The National Health Service came into existence in 1948. It gave all citizens of the United Kingdom health care coverage, with the cost covered purely by taxation.
Continuing a Plan
Prior to the arrival of the NHS, Britain’s health care system was organised according to the 1911 National Insurance Act, which gave medical coverage to workers (part paid by the worker, part by the government) and benefits to the unemployed.
However, during World War II the political establishment decided that more had to be done to repay the people who had sacrificed so much for the country. An idea was put together to rid society of the 5 Great Evils: squalor; ignorance; want; idleness; and disease. William Beveridge, an economist, was asked to compile a report on how society could improve (and pay for such improvements).
In 1942, Beveridge published his report. ‘The Beveridge Report’ outlined the idea of Britain having a welfare state with everyone in the country having a ‘national minimum’ – meaning the government would help those who were in the lowest economic class. Within this idea was the idea of creating a national health service that could treat all its citizens.
1944 White Paper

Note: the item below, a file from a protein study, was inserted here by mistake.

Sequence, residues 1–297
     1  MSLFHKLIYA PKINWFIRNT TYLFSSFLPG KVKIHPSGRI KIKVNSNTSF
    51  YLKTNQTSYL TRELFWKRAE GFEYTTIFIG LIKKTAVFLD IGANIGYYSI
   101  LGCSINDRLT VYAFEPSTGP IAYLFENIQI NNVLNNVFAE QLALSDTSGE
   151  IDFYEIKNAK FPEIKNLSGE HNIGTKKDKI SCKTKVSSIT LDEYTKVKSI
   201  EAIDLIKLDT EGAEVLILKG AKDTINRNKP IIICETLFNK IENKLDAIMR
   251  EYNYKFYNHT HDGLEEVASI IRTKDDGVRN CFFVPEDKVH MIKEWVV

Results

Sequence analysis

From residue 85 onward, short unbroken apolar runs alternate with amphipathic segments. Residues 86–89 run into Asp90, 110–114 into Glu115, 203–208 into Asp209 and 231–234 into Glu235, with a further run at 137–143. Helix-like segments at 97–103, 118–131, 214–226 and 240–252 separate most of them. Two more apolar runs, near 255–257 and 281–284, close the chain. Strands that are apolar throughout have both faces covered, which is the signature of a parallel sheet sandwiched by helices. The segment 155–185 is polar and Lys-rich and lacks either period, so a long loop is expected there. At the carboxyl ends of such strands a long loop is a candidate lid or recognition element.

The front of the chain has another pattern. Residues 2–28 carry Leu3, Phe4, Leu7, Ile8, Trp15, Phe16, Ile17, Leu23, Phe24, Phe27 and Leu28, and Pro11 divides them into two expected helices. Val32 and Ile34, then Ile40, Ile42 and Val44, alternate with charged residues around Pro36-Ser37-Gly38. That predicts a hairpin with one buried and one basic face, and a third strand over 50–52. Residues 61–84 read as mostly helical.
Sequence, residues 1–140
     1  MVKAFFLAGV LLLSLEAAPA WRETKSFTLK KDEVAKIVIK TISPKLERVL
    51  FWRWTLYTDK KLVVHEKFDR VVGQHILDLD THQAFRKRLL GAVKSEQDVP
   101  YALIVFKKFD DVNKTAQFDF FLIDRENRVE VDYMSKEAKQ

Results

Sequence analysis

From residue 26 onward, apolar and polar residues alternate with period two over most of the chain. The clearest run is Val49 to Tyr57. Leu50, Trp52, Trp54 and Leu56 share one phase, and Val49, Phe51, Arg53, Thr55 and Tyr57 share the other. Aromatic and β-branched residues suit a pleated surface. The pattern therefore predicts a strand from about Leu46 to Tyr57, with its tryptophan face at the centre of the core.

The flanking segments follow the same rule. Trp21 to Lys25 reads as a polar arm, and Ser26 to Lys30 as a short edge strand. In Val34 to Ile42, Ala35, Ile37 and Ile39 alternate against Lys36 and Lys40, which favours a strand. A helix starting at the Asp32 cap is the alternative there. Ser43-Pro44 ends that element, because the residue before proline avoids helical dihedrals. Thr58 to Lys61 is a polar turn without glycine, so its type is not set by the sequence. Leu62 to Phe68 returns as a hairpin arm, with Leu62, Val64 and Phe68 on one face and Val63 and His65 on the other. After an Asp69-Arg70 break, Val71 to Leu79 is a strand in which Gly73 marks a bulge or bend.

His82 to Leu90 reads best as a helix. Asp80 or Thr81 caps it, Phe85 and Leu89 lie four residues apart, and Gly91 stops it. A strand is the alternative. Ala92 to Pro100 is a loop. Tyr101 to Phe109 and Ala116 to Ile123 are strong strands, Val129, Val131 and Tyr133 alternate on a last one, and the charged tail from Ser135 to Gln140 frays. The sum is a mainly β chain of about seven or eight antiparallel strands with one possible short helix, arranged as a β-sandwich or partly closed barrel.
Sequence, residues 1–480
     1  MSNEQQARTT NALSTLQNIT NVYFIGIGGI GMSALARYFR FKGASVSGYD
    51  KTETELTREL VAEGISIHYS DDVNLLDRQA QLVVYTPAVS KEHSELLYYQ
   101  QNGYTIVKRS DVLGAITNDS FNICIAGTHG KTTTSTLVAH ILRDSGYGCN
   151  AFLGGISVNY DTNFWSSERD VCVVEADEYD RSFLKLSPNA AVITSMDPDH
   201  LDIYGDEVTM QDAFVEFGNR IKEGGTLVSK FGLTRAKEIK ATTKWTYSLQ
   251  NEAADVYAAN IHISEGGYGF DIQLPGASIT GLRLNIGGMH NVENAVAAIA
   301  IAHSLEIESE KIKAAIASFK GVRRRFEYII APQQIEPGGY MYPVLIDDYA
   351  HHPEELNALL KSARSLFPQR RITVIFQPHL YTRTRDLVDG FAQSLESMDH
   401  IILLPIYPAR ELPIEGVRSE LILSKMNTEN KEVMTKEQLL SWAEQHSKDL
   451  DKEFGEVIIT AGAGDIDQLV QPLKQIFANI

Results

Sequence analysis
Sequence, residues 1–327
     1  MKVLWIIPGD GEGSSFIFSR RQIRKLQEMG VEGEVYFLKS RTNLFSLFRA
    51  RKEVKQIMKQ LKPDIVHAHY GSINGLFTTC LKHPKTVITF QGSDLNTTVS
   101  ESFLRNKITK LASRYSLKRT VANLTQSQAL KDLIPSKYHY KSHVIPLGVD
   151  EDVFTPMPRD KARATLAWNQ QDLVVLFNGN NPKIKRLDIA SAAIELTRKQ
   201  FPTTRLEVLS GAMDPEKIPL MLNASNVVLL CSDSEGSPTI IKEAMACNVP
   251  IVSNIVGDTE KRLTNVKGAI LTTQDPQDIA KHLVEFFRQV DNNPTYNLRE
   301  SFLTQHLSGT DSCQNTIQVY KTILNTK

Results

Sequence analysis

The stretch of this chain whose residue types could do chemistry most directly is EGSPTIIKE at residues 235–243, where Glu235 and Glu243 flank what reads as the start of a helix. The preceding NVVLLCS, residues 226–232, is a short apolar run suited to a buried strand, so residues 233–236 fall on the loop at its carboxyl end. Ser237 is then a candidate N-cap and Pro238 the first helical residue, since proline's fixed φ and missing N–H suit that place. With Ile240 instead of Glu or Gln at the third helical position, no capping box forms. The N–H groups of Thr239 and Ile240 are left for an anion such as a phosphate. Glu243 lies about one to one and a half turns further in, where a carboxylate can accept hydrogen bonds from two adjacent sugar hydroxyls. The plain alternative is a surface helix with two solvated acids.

There had been some disagreement about exactly what the NHS should involve. A 1944 white paper finally stated the principles of the NHS:
Services were provided free at the point of use
Services were financed from central taxation
Everyone was eligible for care (even people temporarily resident or visiting the country)
The paper said local councils should look after medical care.
A New Government
Before the 1945 General Election the Labour Party promised to introduce the NHS.
They duly won, with Clement Attlee replacing Winston Churchill as the Prime Minister.
Aneurin Bevan was given the job of setting up the NHS. He looked at a 1944 report that suggested local councils managed health care. Deciding this would not work – local councils had neither the money nor organisation – he said there had to be a national service.
Bevan is often called the ‘father of the NHS’, although the title is also given to William Beveridge who wrote the 1942 report.
The NHS Begins
England, Scotland and Wales all had separate NHS acts, but they were all introduced around the same time. By 1950 all had the NHS.
The Spirit of ’45
The NHS is part of a movement now labelled ‘The Spirit of ’45’ in which Britain attempted to country a fairer post-war country. Millions had died in the war and it was felt a better, more caring society was needed.
The UK was not the first country to introduce universal health care: the USSR had it in 1937, but it did not cover the countryside.
New Zealand was the first country to manage complete universal health care, introducing it from 1937 to 1941.